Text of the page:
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Rectal Bleeding


Rectal bleeding in small amounts is common and usually not life-threatening. It may present as blood in the toilet, on the outside of your stool, or with wiping after a bowel movement. Most common causes are hemorrhoids and anal fissures. However, other more serious causes include colitis (inflammation of the colon), colon polyps, diverticulosis, and cancer.

The term rectal bleeding is usually used to describe bright red blood per rectum which comes from the most distal part of the digestive tract. However, bleeding from the upper digestive tract, small bowel or proximal colon, can produce black, tarry bowel movements (known as melena), dark red bowel movements or bowel movements with blood clots.


  • Hemorrhoids:Hemorrhoids are swollen blood vessels in the rectum or anus that can sometimes bleed. Bright red blood typically coats the stool or blood may drip into the toilet or stain toilet paper. Bleeding can be painless if the source is internal hemorrhoids versus associated with tenderness or pain if it comes from external hemorrhoids, especially in the case of thrombosis (clotting of the blood in the hemorrhoid)
  • Anal fissure:An anal fissure is a tear in the lining of the anus. Usually, this type of rectal bleeding is associated with pain often described as a sensation of tearing, ripping, or burning during or after a bowel movement.
  • Diverticular bleed:Usually large volume and painless but it can lead to significant anemia (low blood count) and make the patient experience other significant symptoms related to the level of blood loss.
  • Colitis:Inflammation of the colon could be from infection, lack of blood flow, medication/radiation treatment adverse effect, inflammatory bowel disease (chronic condition). This type of rectal bleeding is usually associated with diarrhea and abdominal pain. Other symptoms may be present depending on the cause of colitis.
  • Colon polyps or cancer:Most people with minor rectal bleeding do not have colon cancer or another serious condition. Most colon polyps and cancers are completely asymptomatic in the early stages and the presence of rectal bleeding usually indicates large size and ulceration.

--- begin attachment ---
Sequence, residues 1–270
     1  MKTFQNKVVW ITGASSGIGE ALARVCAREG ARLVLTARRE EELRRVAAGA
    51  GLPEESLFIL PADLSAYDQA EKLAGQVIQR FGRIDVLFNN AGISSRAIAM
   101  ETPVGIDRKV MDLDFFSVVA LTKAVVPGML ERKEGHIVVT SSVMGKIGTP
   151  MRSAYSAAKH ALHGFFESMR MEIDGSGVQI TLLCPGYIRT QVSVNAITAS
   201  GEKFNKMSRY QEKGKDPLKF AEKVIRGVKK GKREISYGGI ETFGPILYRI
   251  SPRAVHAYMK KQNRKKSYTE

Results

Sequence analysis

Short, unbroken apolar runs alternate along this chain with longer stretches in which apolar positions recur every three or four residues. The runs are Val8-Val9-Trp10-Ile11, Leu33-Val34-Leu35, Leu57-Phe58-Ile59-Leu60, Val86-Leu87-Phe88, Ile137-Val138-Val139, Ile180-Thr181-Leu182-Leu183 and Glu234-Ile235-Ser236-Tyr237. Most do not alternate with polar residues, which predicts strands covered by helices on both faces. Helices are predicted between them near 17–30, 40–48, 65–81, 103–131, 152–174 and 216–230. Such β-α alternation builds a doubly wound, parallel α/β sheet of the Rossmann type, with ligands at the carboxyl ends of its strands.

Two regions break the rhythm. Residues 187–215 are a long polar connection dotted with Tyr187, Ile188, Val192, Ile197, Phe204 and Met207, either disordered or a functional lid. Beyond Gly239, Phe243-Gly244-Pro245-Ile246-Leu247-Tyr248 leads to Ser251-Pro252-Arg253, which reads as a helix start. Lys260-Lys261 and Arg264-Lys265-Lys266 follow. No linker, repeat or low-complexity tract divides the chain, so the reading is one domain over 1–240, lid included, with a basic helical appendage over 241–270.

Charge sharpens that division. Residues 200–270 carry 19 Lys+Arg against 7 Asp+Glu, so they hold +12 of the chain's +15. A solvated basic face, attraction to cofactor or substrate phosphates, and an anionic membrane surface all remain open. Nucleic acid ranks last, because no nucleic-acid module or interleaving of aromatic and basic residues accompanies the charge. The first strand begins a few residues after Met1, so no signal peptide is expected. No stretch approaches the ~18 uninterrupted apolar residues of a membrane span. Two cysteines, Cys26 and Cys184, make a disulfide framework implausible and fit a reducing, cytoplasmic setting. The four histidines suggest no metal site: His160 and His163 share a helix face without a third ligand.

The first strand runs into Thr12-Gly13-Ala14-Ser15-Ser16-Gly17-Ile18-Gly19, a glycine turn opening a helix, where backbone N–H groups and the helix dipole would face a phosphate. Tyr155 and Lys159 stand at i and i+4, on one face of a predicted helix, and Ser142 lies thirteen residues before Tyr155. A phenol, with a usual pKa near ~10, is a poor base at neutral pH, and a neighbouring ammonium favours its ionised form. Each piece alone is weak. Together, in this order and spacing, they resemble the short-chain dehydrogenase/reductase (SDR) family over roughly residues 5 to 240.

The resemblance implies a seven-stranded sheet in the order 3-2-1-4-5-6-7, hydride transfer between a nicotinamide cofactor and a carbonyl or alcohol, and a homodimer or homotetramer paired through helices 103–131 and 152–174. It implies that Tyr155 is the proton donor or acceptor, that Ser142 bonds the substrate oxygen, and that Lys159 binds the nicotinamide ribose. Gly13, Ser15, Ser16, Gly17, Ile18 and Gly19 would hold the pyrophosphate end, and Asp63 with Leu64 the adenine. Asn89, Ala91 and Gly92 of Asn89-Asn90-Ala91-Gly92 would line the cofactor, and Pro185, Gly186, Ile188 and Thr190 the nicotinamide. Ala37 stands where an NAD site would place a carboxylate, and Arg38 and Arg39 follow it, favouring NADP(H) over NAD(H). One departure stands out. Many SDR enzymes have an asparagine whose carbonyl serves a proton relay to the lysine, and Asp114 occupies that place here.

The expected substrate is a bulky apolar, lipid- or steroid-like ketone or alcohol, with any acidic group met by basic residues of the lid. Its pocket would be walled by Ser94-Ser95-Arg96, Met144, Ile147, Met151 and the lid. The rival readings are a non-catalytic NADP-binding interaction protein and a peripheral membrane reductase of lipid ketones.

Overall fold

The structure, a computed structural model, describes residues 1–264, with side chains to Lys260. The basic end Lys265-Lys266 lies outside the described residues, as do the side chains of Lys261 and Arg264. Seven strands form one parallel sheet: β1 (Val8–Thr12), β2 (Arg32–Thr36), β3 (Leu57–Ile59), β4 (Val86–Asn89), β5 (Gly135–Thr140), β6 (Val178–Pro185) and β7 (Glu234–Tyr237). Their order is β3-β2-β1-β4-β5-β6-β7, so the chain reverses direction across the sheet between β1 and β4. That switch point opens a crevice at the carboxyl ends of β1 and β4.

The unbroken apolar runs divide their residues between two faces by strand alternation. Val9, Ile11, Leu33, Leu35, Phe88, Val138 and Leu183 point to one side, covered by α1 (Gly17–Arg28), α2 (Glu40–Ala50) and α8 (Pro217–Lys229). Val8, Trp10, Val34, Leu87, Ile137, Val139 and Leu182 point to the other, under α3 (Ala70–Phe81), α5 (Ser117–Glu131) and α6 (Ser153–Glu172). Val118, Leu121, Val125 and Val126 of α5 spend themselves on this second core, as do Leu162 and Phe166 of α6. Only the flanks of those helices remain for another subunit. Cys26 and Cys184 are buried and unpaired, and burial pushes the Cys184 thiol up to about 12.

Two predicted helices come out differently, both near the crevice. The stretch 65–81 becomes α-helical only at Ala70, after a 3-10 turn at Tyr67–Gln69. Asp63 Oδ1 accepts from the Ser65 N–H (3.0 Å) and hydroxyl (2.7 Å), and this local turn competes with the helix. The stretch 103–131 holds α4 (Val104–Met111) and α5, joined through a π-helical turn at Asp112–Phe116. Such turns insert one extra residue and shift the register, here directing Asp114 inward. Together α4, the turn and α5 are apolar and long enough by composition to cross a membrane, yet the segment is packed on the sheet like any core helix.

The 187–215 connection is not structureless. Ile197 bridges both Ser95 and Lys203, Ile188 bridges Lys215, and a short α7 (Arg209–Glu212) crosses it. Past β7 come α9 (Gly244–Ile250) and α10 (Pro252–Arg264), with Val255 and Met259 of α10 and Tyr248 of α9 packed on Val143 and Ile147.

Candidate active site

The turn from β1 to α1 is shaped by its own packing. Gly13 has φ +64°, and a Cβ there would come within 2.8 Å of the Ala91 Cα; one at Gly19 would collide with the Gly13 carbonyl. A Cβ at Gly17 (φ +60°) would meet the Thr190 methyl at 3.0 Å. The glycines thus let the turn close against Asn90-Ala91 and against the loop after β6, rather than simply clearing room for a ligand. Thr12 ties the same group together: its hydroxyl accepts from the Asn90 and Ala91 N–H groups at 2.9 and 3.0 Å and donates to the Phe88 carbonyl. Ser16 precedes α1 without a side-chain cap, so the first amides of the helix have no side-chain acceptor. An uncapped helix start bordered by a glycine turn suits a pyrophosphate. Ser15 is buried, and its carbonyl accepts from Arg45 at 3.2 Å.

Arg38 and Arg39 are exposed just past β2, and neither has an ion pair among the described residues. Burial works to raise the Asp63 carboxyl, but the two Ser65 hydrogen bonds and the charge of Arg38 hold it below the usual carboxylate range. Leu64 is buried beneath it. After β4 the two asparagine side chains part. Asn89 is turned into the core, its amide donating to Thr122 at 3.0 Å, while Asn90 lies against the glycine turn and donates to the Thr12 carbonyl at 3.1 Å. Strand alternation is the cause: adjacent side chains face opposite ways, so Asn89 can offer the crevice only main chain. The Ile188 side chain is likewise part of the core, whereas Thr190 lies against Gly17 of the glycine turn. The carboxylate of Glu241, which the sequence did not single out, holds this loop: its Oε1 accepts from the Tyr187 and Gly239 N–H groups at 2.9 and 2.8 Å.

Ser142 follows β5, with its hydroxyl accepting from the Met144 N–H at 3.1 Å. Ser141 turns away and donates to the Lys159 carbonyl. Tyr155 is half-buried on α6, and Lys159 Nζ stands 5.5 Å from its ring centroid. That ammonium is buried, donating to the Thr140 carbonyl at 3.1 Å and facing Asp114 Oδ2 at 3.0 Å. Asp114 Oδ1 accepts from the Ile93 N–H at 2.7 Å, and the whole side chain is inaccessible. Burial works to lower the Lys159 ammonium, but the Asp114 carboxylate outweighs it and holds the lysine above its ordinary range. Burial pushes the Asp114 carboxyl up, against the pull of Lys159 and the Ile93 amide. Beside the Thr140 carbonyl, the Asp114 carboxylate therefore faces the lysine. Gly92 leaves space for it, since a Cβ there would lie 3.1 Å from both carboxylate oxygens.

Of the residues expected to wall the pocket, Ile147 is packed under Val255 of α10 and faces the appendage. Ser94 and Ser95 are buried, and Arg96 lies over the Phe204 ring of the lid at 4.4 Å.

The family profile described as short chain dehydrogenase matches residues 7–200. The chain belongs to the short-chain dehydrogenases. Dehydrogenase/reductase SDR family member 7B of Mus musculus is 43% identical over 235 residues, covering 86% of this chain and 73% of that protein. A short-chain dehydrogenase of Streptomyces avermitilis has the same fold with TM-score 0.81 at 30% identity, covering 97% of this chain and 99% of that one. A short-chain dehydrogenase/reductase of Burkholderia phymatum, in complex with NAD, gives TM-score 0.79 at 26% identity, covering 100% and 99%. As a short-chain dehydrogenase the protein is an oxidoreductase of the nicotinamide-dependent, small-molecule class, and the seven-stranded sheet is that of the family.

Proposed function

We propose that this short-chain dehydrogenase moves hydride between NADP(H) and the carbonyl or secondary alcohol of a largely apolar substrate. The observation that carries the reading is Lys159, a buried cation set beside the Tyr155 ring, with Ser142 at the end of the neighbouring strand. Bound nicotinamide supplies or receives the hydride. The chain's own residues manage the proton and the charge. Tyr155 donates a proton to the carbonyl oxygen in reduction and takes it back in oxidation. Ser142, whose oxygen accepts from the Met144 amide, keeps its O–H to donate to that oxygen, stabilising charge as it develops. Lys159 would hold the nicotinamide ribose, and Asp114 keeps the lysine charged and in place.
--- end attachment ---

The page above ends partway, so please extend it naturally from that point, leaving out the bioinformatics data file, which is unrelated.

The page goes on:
• Rectal exam: Includes visualization of the outside of your anus and palpation (without visualization) of the inner lining of the rectum (inside the opening). It can be performed at the office.
  • Anoscopy: A disposable instrument that goes a few inches into the rectum is used to see inside. It can also be performed at the office.
  • Sigmoidoscopy: A flexible tube with a light and a camera is introduced into the rectum and advanced into the large intestine to visualize the lining of the intestine. It allows for biopsies (sampling of tissue) and therapeutic interventions. It does NOT require anesthesia but is limited to the lower end of the colon only.
  • Colonoscopy: Similar to the sigmoidoscopy, requires insertion of a flexible tube with a light and a camera into the rectum, but this procedure includes an examination of the entire colon. It also allows for biopsies (sampling of tissue) and therapeutic interventions but it is usually performed under anesthesia.
  • Imaging: In cases of significant bleeding or when the site of bleeding is not clear, a nuclear medicine test called and bleeding scan or a CT angiogram can be to detect the site of bleeding.


The treatment of rectal bleeding depends largely on the cause. For rectal bleeding from hemorrhoids and/or anal fissures, avoidance of constipation and straining is very important. Once symptoms arise, such as pain, itching, and irritation, medications in the form of creams and suppositories (by prescription or over-the-counter) may help prevent further inflammation and bleeding. Also, physical measures such as doing sitz baths and avoiding squatting, leg press at the gym, pushing/lifting heavy weight would be very helpful.